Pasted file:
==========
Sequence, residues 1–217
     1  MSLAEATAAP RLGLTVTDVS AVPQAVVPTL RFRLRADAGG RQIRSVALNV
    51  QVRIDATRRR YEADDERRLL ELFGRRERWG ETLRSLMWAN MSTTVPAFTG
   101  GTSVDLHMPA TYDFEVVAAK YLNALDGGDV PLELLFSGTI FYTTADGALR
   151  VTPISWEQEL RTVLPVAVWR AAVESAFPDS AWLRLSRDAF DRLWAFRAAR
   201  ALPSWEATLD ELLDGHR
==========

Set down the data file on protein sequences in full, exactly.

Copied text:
Sequence, residues 1–217
     1  MSLAEATAAP RLGLTVTDVS AVPQAVVPTL RFRLRADAGG RQIRSVALNV
    51  QVRIDATRRR YEADDERRLL ELFGRRERWG ETLRSLMWAN MSTTVPAFTG
   101  GTSVDLHMPA TYDFEVVAAK YLNALDGGDV PLELLFSGTI FYTTADGALR
   151  VTPISWEQEL RTVLPVAVWR AAVESAFPDS AWLRLSRDAF DRLWAFRAAR
   201  ALPSWEATLD ELLDGHR